5 Fall Foods You Can Forage in Your Own Neighborhood

By: Kate Morgan  | 
foraging
Dandelion greens, the bane of lawn owners everywhere, are actually very high in vitamins A, C and K and minerals such as folate, calcium and potassium, according to the Cleveland Clinic. Kristi Blokhin/Shutterstock

The chilly days of autumn mean more than just changing and falling leaves. As trees and plants prepare for winter dormancy, many put out their nuts, fruits and seeds. That means the fall months are some of the best times of the year to go foraging.

Foraging is the practice of searching your environment for wild food, and you don't have to be an expert to do it. Here are five fall foraging favorites that you can probably find right in your own neighborhood. All you need is an interest in what's growing around you and the keen eye to spot it.

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1. Rose Hips

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Rose hips are the edible berries that grow after rose bushes have shed their flowers. Deyan Georgiev/Shutterstock

Roses are most recognizable for their beautiful summer blooms, but in the fall, rose bushes grow edible berries called rose hips. Some of the easiest rose hips to forage come from the multiflora rose, a Japanese species that's become the most widespread rose variety in the United States.

"Rose hips are an awesome food to get to know, and there are lots of them around," says Calyx Liddick, director of the Northern Appalachia School, where she also teaches foraging, botany and herbalism. "You can eat them straight. You can make jams or jellies out of them. You can make tea out of them or even dry and powder them."

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Look for multiflora rose bushes on the edges of fields and trails. Look for arched branches with oval leaves and clusters of red hips. The best time to harvest rose hips is right after the first frost, Liddick says. "That's when they get sweet."

2. Autumn Olives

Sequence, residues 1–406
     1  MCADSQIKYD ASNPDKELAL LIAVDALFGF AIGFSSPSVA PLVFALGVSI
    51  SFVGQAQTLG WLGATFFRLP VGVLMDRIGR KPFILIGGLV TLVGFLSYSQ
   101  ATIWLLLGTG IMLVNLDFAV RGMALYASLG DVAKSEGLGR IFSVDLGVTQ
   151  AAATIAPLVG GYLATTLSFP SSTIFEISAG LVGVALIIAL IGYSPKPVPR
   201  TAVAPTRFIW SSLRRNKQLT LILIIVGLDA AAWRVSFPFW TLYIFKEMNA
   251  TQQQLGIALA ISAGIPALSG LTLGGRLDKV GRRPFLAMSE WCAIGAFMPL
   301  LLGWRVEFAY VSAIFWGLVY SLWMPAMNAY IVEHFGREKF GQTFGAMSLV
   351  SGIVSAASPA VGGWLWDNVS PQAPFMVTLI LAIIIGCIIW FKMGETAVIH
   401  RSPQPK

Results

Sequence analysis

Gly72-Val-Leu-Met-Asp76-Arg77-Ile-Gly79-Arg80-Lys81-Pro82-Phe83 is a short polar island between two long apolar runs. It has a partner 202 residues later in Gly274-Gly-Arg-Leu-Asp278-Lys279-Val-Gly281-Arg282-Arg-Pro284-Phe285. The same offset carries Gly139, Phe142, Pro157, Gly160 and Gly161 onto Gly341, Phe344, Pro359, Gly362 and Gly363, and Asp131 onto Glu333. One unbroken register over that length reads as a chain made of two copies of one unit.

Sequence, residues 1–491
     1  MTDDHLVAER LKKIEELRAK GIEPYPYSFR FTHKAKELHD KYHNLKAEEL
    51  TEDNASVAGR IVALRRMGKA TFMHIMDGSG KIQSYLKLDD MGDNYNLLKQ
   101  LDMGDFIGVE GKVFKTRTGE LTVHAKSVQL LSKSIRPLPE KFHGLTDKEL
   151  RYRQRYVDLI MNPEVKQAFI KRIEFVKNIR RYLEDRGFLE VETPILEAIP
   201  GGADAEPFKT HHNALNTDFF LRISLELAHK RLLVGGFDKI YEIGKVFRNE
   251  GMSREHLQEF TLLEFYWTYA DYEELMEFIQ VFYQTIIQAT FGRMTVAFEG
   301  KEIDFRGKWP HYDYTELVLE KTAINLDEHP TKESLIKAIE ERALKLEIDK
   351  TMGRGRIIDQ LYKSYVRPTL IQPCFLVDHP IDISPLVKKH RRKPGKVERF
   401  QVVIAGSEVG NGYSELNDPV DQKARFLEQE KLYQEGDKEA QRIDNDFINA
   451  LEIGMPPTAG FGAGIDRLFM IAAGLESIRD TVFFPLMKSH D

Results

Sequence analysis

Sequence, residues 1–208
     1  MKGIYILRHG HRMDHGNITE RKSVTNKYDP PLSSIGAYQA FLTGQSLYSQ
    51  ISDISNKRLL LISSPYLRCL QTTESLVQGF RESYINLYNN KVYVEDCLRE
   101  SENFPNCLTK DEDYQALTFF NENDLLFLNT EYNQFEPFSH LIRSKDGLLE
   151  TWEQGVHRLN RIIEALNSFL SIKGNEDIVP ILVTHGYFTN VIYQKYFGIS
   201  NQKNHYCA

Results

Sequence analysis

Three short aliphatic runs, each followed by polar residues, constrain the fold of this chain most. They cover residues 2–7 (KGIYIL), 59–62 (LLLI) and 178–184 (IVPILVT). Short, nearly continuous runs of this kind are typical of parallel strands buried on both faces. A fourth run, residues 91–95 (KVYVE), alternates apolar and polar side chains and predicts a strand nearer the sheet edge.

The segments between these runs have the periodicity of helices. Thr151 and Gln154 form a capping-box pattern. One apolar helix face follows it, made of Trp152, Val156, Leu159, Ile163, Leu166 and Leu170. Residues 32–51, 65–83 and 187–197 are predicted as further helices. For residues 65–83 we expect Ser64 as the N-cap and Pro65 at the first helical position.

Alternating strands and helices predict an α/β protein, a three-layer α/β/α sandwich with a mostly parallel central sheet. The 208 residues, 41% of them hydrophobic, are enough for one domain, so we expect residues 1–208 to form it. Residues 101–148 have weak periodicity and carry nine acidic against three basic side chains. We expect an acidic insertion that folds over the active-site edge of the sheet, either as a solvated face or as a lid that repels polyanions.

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Ripe autumn olive berries (Elaeagnus umbellata) grow on the woody branches of the shrub and are easy to spot because of their bright color. Benjamin Simeneta/Shutterstock

The shrub Elaeagnus umbellata, otherwise known as autumn olive, is another Asian native that's spread as an invasive species in the United States. But that doesn't mean foragers shouldn't take advantage of them, says Liddick. "I'm a big proponent of eating things that are abundant, whether they're native or non-native," she says.

The autumn olive produces abundant sweet, glossy, bright red berries on a woody shrub with small, silvery scales on its twigs. The leaves have a distinctly silver color on the bottom. The berries are sweet and can be eaten on their own or used for desserts or preserves. As for where to find the autumn olive, it appears throughout the United States. "It grows in the same type of environment as the multiflora," Liddick says. "You find them on edges, like where a field meets the woods."

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3. Hickory Nuts

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Hickory nuts are green or brown on the tree, depending on the species, and can be collected and eaten raw or roasted. Heather Simkiss/Shutterstock

There are lots of nuts dropping from trees as the weather cools, and while some of them are tough to crack — think black walnuts' thick hulls and chestnuts' spiky burrs – the hickory lends itself nicely to a beginner forager.